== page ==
Last updated: 02:30 PM ET, Thu June 09 2016

Sex And Travel: What A New Study Teaches Us About 'International Relations'

Features & Advice | Gabe Zaldivar | June 09, 2016

Sex And Travel: What A New Study Teaches Us About 'International Relations'

Photo courtesy of Thinkstock

According to a pair of recent studies, visiting landmarks and tasting the local cuisine isn’t all the fun you travelers are having overseas. Quite a lot of you are having sex.

A health professional journal by the name Sexually Transmitted Diseases released a few studies recently. Of particular import to global travelers is one produced by the British National Survey of Sexual Attitudes & Lifestyles that centers on “Forming new sex partnerships while overseas” and one that concentrates on “sexual behavior of backpackers who visit Koh Tao and Koh Phangan, Thailand.”

A wide swath of the study concentrates on those leaving the United Kingdom to travel abroad and the sexual encounters they might consider while on vacation.

Boiled down to the most simple terms, there are far too many people who are having sex on their International trips without protection.

The first study looked at more than 15,000 British citizens between the ages of 16 and 74 during the years 2010-2012.

What researchers found was 12,530 people had had sex with at least one person in the last five years.

A good chunk of that subset did the deed while overseas: “Of these, one in 10 men and one in 20 women – 1,071 altogether — said they had had sex with a new partner while traveling overseas during this time.”

The intriguing aspect in this study is those who did make sex an International affair also showed signs of overall “risky” behavior, namely multiple partners and drug use.

The study states: “At a population level, those reporting new partners while overseas continue to be a high-risk group, being more likely to report sexual risk behaviors as well as potentially harmful health behaviors, including drug and alcohol use.”

The second study did actually take into account condom use of travelers. In this case, it was backpackers en route to Koh Phangan and Koh Tao.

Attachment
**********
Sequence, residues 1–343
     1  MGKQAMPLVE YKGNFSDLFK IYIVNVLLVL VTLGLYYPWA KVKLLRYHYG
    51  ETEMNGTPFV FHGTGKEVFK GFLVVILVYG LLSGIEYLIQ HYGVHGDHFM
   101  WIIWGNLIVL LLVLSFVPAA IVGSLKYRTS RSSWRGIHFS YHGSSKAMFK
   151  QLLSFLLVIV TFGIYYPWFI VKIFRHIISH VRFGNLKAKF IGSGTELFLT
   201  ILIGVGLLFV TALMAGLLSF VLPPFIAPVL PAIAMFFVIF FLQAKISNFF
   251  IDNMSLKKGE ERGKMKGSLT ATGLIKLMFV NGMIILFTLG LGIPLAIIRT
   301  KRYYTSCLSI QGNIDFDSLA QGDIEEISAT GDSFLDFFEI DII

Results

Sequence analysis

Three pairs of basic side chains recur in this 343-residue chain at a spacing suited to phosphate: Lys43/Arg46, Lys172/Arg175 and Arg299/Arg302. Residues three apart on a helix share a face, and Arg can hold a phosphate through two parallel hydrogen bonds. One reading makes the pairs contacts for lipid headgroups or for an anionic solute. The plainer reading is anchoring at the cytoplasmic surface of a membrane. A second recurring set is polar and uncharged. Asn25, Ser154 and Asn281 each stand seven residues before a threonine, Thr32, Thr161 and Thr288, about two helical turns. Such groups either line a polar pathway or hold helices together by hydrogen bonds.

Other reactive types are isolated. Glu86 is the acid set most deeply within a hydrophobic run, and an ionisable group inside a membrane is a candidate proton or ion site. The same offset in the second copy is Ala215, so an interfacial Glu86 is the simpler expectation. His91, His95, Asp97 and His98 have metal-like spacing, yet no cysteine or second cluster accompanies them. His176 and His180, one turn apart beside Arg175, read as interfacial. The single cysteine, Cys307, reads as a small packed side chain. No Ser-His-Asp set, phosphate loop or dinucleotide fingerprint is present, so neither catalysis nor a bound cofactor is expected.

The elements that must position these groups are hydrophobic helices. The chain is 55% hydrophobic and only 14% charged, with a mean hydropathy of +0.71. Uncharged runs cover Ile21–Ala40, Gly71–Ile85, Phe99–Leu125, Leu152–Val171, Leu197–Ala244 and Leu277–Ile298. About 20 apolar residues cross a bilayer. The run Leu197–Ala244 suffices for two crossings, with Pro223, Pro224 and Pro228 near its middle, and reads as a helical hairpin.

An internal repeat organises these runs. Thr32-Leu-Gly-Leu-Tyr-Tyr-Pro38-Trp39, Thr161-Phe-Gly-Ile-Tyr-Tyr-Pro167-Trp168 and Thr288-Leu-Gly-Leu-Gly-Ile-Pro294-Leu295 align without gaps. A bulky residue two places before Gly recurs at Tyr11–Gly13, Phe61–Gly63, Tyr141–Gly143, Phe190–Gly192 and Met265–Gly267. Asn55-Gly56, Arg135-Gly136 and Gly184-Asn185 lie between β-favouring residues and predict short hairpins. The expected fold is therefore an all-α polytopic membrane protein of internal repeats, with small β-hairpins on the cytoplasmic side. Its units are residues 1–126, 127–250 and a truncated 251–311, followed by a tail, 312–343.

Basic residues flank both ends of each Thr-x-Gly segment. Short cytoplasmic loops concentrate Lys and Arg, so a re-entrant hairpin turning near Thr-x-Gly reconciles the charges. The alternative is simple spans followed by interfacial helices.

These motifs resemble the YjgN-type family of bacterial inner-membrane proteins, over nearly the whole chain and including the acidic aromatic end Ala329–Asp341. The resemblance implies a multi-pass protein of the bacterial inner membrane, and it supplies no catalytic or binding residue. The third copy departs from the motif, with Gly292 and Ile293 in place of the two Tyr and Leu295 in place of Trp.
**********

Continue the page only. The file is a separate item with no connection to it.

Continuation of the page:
As was found, travelers weren’t exactly that concerned with ensuring an important level of safety in their sexual encounters abroad.

The study’s release sums this up: “Almost two thirds of all the respondents (61.5 percent) were travelling without a long term sexual partner, and well over a third (39 percent) said they had had sex with a new partner during the trip—usually other backpackers from other countries, although men were more likely than women to have had sex with a local person. But nearly 37 percent reported no or inconsistent condom use, with Brits and Swedes the most likely to say this—echoing patterns of sexually transmitted infections in both countries, which have some of the highest reported rates of chlamydia in Europe, the researchers point out."

More than a third didn’t think to use a condom, which is remarkable considering the myriad diseases that can be acquired.

What’s more astonishing is that many of those backpackers actually stowed away condoms in their luggage. However, a third admitted to not always using them.

We have to echo what’s stated in the studies. This is indeed a brief look at one corner of the globe and how its residents act while traveling.

Still, it’s a tremendously valuable insight into possible behavior across the industry as a whole.

Perhaps due to inconvenience in the moment or just a possible subconscious belief that being away from home makes one invincible, many people are having unsafe sex while traveling.

This, of course, is one fine way to turn a magical trip into a lifetime disaster. 


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